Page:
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Review of Gary Diggins' novel, Slow Dancing in Fast Times

By Barbara Salsberg Mathews

If you are interested in a novel that has sex, drugs, music and love, then this book is for you. 

Slow Dancing in Fast Times is a first-time novel by Gary Diggins. It has a ‘lived’ feel to it, drawing upon the author’s experiences as a musician during the late 60s to early 70s. Diggins was part of an eight-piece band that shared the stage with many fine musicians including: Alice Cooper, Bob Seger, and Sly and the Family Stone. They mostly performed in the Detroit-Windsor area. Diggins writes:

“It is my hope that you will feel a resonance with the back story - the upheavals of the times and how these issues parallel our own woes today.”

I certainly found myself being drawn in to this richly layered story. Diggins describes the band:

“The main characters form a band called NADI, developing their own sound influenced by funk, improvisational jazz and Indian ragas. The band derived its name from the Sanskrit word for river. NADI’s sound, like a meandering body of water, was constantly changing.”

The band is a mixed bag, made up of members from Venezuela, Detroit, India and Windsor. They played a range of instruments including drums, trumpet, guitar, bass, organ, and violin.

These were not ordinary times. There are troubles brewing in the background, including: The War in Vietnam, Black race riots in Detroit, The Black Panthers, and Dr. Martin Luther King’s and Robert Kennedy’s assassinations.

The central characters are young musicians who look out for each other while working through a myriad of challenges, like racism, sexual abuse, homophobia, addictions, and organized crime. Romance percolates and grows into some very sexy scenes. One poignant passage made me laugh out loud as the erotics heat up, they are interspersed with a radio announcer in the background as the erotic scene was juxtaposed with a sports announcer giving a play by play of a hockey game. At the crucial moment, he shouts “He shoots and scores!”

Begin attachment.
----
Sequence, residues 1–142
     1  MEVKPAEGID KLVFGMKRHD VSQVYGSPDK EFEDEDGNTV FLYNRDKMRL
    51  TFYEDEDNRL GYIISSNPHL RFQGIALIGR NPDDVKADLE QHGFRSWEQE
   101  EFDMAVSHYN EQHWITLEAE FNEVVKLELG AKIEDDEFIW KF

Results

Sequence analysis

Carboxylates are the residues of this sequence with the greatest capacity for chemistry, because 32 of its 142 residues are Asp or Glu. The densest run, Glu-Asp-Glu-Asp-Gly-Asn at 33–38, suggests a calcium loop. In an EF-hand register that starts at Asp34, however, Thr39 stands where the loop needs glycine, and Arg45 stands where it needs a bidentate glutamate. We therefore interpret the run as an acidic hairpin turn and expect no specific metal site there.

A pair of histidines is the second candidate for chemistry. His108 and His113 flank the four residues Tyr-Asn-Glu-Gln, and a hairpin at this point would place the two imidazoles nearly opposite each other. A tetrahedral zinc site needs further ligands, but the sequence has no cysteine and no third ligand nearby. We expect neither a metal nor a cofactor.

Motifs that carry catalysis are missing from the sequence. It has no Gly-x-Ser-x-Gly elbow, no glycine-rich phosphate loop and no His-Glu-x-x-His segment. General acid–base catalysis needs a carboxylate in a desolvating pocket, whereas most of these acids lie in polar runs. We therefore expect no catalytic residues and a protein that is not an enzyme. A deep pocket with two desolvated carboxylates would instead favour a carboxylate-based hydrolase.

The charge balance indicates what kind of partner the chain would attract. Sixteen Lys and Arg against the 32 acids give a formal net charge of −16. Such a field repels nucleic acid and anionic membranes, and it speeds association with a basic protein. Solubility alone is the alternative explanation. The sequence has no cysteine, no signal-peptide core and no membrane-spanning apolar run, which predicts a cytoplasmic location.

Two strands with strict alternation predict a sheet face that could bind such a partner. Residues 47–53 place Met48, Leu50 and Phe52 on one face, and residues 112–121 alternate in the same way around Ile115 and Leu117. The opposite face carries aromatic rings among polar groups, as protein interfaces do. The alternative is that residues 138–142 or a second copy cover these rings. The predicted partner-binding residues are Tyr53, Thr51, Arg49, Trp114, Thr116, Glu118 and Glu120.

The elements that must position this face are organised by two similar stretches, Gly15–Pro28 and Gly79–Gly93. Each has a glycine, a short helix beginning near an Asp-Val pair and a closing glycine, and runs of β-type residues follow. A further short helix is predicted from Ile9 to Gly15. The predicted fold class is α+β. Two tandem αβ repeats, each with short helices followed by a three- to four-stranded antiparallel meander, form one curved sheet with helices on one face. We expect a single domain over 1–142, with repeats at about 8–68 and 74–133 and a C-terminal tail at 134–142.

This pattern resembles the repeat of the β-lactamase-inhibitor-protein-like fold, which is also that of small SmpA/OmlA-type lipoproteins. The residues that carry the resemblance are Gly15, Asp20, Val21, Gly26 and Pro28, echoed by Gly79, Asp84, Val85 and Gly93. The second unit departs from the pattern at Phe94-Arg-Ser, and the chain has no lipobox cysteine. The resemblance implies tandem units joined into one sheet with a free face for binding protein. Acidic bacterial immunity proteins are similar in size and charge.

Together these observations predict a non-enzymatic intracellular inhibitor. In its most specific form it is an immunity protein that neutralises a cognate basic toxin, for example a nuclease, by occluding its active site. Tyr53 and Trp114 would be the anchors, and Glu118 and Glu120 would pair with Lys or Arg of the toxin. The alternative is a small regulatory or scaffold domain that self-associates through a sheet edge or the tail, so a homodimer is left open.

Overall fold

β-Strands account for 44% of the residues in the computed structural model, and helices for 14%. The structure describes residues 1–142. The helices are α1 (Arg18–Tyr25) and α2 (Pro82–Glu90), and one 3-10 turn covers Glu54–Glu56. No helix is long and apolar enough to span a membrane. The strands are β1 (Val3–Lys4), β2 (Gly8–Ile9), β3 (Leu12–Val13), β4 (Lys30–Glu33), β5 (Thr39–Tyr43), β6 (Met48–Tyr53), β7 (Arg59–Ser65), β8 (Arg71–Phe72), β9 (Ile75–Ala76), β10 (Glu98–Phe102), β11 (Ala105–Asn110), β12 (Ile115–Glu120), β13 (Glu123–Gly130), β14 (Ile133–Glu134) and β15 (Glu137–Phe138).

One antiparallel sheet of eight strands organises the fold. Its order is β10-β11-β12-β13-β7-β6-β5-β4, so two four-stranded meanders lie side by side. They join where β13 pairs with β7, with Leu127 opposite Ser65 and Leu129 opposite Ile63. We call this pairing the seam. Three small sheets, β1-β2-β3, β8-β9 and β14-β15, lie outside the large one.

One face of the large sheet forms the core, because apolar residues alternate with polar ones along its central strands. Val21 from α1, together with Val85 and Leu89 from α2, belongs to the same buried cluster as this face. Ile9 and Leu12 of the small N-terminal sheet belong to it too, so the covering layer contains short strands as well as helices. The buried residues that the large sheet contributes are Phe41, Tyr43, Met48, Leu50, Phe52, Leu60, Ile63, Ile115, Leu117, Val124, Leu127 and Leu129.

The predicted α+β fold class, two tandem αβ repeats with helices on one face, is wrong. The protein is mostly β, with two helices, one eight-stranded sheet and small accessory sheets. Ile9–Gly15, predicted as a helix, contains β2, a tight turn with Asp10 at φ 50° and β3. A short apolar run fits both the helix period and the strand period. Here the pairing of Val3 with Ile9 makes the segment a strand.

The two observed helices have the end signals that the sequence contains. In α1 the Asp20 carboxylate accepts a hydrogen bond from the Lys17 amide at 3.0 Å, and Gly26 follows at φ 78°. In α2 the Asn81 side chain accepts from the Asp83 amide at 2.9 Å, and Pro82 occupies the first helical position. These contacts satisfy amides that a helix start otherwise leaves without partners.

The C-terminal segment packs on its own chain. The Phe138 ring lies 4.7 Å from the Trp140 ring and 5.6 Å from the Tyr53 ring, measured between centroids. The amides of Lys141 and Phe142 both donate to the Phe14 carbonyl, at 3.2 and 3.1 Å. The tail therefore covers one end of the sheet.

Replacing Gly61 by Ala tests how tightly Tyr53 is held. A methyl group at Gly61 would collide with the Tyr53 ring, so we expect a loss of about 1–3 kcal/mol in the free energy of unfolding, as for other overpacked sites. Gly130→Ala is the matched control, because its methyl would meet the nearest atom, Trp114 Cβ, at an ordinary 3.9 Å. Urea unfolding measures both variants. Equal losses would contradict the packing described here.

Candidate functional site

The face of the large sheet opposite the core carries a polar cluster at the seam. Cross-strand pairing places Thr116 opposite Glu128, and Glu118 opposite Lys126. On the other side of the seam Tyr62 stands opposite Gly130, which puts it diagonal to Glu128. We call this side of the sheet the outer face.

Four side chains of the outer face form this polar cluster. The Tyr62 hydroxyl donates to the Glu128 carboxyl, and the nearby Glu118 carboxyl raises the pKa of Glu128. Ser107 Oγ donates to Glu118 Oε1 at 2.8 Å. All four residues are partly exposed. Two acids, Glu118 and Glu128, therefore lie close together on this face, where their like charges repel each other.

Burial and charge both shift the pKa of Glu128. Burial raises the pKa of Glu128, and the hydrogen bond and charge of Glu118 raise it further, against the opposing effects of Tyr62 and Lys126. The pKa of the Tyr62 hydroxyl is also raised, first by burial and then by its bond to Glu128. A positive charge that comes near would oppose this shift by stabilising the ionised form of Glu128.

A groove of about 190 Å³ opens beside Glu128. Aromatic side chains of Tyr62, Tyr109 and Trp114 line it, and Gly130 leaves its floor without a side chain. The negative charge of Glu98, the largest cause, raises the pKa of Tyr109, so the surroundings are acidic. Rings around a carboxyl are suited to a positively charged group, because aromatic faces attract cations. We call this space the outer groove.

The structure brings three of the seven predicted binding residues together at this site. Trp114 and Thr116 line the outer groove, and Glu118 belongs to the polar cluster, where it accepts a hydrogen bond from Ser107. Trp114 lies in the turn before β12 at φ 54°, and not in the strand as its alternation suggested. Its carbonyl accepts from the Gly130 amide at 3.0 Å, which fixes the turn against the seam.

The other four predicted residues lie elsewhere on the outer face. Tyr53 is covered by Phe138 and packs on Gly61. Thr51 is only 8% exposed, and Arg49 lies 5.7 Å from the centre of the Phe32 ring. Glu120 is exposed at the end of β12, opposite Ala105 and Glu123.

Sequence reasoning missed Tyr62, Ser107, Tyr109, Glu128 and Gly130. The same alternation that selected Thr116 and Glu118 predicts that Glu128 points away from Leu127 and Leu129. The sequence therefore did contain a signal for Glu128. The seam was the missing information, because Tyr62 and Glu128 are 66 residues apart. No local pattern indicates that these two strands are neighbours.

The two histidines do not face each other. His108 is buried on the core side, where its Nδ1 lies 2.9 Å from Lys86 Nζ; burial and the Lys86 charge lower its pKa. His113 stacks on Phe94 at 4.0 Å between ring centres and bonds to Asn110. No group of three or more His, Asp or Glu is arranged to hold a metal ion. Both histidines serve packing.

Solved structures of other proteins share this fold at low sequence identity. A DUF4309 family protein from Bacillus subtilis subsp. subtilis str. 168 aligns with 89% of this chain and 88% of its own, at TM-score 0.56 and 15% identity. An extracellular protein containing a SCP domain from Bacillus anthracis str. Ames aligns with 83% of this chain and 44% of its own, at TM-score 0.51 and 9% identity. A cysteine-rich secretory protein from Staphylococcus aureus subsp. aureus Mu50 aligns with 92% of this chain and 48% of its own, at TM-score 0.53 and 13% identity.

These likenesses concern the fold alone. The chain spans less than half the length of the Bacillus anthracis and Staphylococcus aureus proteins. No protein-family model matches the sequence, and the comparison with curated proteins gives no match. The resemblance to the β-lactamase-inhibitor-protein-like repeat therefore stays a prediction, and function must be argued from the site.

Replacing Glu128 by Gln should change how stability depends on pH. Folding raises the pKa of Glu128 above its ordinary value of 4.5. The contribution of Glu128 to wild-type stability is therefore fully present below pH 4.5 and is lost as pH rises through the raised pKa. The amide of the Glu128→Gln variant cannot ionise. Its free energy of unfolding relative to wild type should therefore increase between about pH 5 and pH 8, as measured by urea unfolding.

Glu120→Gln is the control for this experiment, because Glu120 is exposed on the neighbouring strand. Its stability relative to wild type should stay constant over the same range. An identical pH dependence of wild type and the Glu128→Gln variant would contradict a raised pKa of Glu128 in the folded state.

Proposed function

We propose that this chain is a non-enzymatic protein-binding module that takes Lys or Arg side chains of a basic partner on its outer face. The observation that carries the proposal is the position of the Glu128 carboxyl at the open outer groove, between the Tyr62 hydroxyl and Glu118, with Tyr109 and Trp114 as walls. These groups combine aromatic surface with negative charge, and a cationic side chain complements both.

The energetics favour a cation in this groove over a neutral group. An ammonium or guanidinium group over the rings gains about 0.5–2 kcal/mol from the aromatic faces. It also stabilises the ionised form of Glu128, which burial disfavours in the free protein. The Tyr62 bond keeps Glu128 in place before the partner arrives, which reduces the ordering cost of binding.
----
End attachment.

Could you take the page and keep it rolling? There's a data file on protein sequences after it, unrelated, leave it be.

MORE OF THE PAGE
I enjoyed reading the song-writing scenes. I was drawn into the artistic process of the characters collaborating on a new song. One musician would start by playing a small morsel of music, like a drone buzzing away in the background. Other musicians built on this, adding new layers, turning it into a fully formed song.

Diggins creates believable characters. Sometimes the characters show flashes of anger that seemed out of proportion to the situation. As the story unfolds we learn more about their past traumas and witness how they support each other. In one chapter, Simone, a Detroit bass guitar player, encouraging Scotty, the vocalist, pianist and trumpet player, to draw upon a dark time in his life, and pour these memories and feelings into his song-writing. The result is a powerful new song, that helps Scotty heal.

Diggins brings the band’s audience to life as seen in this descriptive passage:

“The improvisation kicked into gear. With a groove established, the audience transitioned from listening with their ears to responding with their bodies.  Despite the crowded conditions, the audience congealed into a massive, moving entity that followed the rhythmic undercurrents, the waves of organ swells, and the soaring violin on top. The audience became one body with differing parts. Arms shot upwards out of the writhing mass.”

Slow Dancing in Fast Times is a great portal to the music scene of the era. It presents some serious struggles and dangerous dealings in an easy-to-follow plot, while cranking up the tension with sex, drugs, music and love. 

Canadian readers can purchase the book at  here:


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